Warnings of ‘Volcanic Tsunami’ After Eruption in Philippines

MANILA — A dramatic explosion of the Philippines’ second-most-active volcano on Sunday prompted warnings of a possible “volcanic tsunami” as villagers were evacuated and nearby communities were advised to take precautions against any lake water surges.

The explosion, which sent a plume of ash half a mile into the air, came months after the volcano — Taal, about 40 miles south of Manila — began exhibiting a state of unrest. Tremors were felt on the volcano’s island and in villages around the nearby town of Agoncillo in Batangas Province, and booming noises from the volcano raised fears among residents.

“The earthquakes were strong, and it felt like there was a monster coming out” as in the movies, said Cookie Siscar, who had left the area and was relaying a report from her husband, Emer, a poultry farmer, who was in their home in Batangas, which overlooks the volcano island.

The Philippine Institute of Volcanology and Seismology raised its alert level for Taal Volcano to four out of five, indicating that a “hazardous eruption” was imminent.

The institute warned that the eruption could cause a “volcanic tsunami” and advised nearby communities to take precautions against possible surges from the lake that surrounds the volcano. About 6,000 people live on the island, and boats took residents to safety in Batangas early on Sunday.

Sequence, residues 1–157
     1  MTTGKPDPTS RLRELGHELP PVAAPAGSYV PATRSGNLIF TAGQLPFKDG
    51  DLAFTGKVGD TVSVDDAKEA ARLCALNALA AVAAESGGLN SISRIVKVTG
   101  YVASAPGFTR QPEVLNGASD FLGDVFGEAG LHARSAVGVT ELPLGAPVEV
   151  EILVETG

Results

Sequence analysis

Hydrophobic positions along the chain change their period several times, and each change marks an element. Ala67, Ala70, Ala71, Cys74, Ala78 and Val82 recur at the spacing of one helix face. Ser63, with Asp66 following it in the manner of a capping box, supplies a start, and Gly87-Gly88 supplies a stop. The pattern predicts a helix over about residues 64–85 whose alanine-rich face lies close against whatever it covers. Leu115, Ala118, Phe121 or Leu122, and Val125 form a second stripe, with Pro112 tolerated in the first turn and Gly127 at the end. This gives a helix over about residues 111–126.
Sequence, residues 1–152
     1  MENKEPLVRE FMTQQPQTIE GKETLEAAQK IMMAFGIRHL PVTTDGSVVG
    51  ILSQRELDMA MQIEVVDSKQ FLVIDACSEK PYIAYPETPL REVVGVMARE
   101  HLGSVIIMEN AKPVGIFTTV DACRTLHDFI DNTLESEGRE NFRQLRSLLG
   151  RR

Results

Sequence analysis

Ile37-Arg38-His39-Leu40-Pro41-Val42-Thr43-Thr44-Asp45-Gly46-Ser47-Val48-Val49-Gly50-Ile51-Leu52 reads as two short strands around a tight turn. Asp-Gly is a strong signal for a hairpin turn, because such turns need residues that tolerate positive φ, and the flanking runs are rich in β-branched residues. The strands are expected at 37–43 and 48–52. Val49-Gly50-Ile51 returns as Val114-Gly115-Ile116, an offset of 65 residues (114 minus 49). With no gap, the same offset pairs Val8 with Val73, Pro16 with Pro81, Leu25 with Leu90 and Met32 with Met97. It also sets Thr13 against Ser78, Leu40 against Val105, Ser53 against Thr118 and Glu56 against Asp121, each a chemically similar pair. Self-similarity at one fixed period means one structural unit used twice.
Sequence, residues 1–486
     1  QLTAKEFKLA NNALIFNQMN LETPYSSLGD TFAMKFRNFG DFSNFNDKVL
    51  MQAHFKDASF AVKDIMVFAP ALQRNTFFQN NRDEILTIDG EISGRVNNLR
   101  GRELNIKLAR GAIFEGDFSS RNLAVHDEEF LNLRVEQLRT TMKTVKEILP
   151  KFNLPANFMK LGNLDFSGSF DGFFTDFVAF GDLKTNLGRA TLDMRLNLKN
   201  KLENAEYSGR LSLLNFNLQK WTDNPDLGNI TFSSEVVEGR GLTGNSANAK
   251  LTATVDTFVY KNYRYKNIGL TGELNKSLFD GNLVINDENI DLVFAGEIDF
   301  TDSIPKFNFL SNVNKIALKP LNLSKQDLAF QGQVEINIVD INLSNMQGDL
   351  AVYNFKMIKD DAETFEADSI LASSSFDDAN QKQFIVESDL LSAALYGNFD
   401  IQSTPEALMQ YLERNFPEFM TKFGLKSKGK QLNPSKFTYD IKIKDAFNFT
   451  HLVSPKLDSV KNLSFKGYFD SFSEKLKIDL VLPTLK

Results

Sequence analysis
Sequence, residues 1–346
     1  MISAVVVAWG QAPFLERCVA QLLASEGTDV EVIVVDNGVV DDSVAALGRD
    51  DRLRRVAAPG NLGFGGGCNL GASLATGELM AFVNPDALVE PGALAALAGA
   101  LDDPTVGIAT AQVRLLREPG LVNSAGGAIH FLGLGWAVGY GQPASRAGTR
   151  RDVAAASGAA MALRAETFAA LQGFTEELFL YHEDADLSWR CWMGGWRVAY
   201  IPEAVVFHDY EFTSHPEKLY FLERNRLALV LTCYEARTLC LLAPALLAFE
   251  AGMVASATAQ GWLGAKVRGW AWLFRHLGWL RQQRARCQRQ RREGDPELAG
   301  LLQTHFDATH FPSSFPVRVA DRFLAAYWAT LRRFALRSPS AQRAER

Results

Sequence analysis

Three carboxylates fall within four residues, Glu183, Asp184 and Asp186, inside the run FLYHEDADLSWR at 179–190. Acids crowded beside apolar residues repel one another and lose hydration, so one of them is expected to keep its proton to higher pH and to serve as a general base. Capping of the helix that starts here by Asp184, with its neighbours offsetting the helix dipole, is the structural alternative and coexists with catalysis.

Tens of thousands of people were ordered evacuated from the surrounding area, The Associated Press reported, but there were no immediate reports of injuries or damage. Manila’s international airport also said on Twitter that flights to and from it were suspended because of the eruption. Volcanic ash was seen “in the vicinity of the airport” and nearby air routes, the Civil Aviation Authority of the Philippines said.

The volcano island has been showing signs of activity since last March, and about three dozen eruptions have been recorded in recent history. Sitting on a lake that partly fills a caldera formed thousands of years ago, it is a popular attraction for tourists, who view it from a ridge in Cavite Province to the north.

Salvador Panelo, a spokesman for President Rodrigo Duterte, said the government was “closely monitoring the situation of Taal Volcano.”

“Concerned agencies of the national government are now working closely with the provincial government of Batangas to ensure the safety of the residents, including their evacuation,” Mr. Panelo said. “We advise the public to continue to remain vigilant.”

Rea Torres, who is from the town of Dita in Batangas, said that when she went to check on the family residence, she felt tremors twice: “I felt as if the whole floor moved.”

“It is very scary,” she said, describing “ominous clouds above us” and thunder and lightning.

Last January, an eruption at the most active volcano in the island nation — the Mayon, in Albay Province, about 200 miles east of the Taal — prompted an alert level of four as it generated up to 1,600 feet of lava fountains and ash fell on two nearby villages.